Supplementation of infant probiotic preparation has allowed infants to tolerate cow’s milk by acting on their gut microbiota without getting affected with allergic.
A new study in The ISME Journal reports that probiotic supplementation of infant preparation eliminates allergic to cow’s milk by modifying the gut bacteria in infants.
Intestinal bacteria of children who have developed a tolerance to cow’s milk after treatment with probiotics are significantly different from those of children who remained allergic.
Food allergies have gained ground in developed countries, with an increase of 20% in the last decade. Allergy to cow’s milk is one of the more common and affects about 3% of children worldwide.
New evidence suggests that current environmental influences, such as the widespread use of antibiotics, diets rich in fat and low in fiber, reduced exposure to infectious diseases, cesarean birth and use of infant formula may have disrupted the mutually beneficial interactions that have developed over millions of years of coexistence between humans and bacteria that live in the intestinal tract. “This can lead to dysbiosis allergy in genetically predisposed individuals,” the authors explain.
A previous study showed that children with an allergy to cow’s milk and infant fed a preparation containing hydrolyzed casein supplemented with probiotics (Lactobacillus rhamnosus GG) develop tolerance to higher rates than children receive the same preparation without probiotics.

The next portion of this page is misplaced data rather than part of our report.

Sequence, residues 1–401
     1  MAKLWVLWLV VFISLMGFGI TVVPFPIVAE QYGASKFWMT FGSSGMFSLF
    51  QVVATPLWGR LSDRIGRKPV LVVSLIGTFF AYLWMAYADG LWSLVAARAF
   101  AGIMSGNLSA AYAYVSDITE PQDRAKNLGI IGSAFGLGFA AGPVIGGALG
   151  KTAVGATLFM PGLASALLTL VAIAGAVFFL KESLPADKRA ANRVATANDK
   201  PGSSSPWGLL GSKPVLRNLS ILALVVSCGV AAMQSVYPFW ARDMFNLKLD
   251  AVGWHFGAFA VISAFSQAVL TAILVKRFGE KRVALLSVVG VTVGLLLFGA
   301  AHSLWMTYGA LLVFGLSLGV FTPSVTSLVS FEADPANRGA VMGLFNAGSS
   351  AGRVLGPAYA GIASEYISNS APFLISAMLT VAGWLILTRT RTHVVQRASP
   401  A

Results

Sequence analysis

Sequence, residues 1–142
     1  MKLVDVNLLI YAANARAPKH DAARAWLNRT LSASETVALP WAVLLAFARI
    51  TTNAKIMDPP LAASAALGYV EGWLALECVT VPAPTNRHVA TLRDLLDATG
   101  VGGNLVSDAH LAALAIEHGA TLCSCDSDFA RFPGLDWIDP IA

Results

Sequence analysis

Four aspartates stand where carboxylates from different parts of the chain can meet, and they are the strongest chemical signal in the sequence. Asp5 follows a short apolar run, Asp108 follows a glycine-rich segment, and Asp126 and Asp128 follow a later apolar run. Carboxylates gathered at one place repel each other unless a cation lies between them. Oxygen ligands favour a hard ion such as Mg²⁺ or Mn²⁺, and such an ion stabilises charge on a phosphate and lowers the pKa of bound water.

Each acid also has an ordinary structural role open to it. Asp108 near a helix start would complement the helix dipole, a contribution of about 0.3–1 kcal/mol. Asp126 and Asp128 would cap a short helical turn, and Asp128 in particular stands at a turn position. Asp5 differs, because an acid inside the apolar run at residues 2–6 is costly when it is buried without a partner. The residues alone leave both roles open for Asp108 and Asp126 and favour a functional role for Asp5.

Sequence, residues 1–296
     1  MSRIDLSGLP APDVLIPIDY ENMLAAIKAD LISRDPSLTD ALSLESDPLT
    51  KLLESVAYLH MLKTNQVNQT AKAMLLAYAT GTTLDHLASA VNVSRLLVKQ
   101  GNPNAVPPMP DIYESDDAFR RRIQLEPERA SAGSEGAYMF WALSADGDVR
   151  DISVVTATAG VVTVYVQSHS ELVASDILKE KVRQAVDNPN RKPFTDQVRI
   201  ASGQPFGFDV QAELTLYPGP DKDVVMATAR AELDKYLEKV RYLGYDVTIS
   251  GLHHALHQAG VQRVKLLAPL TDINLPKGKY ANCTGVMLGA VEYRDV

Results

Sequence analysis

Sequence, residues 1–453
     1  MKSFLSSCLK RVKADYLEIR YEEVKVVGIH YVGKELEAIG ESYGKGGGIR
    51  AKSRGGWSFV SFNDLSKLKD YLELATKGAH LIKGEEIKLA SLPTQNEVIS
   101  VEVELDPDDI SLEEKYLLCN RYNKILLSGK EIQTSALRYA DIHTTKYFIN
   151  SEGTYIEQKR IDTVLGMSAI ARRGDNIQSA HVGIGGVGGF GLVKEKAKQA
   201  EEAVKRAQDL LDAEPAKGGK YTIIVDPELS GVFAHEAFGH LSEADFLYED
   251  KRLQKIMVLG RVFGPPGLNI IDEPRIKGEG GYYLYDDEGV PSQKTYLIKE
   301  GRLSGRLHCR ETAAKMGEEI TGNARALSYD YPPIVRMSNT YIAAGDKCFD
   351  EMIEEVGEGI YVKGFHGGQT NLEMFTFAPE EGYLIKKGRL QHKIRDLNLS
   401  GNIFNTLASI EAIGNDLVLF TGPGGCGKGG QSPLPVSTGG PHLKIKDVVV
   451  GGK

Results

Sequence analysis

“Work conducted on mice has allowed us to identify a common class of mucus associated with intestinal bacteria that play an essential role in access -by allergens alimentaires- to the bloodstream,” said Dr. Cathryn Nagler, author of the study. “This suggests a novel mechanism by which the intestinal microbiota would regulate allergic response to food”.
In this new study, conducted on 39 infants, researchers looked at whether administration of probiotics can modulate the bacterial composition of the gut to improve the acquisition of tolerance to cow’s milk. They identified the bacteria in stool samples collected from healthy infants and in infants with allergic to cow’s milk and is fed a probiotic-enriched preparation is the same preparation without probiotic.
Generally, the intestinal flora of allergic children is different from that of healthy children, suggesting that the differences in composition of the intestinal flora influence the development of allergic.
Children who received the preparation supplemented with probiotics and who have developed a tolerance to cow’s milk also had higher levels of bacteria that produce butyrate -a chain fatty acid Courte- that allergic children also received supplementation probiotics but who did not develop tolerance to cow’s milk. This shows that the tolerance is related to the acquisition (allergic) of specific strains of bacteria that produce butyrate. Butyrate helps maintain homeostasis in the gut.
The discovery of bacteria that lead to tolerance of potentially allergic foods, could be essential in the development of new treatments to help children with food allergies.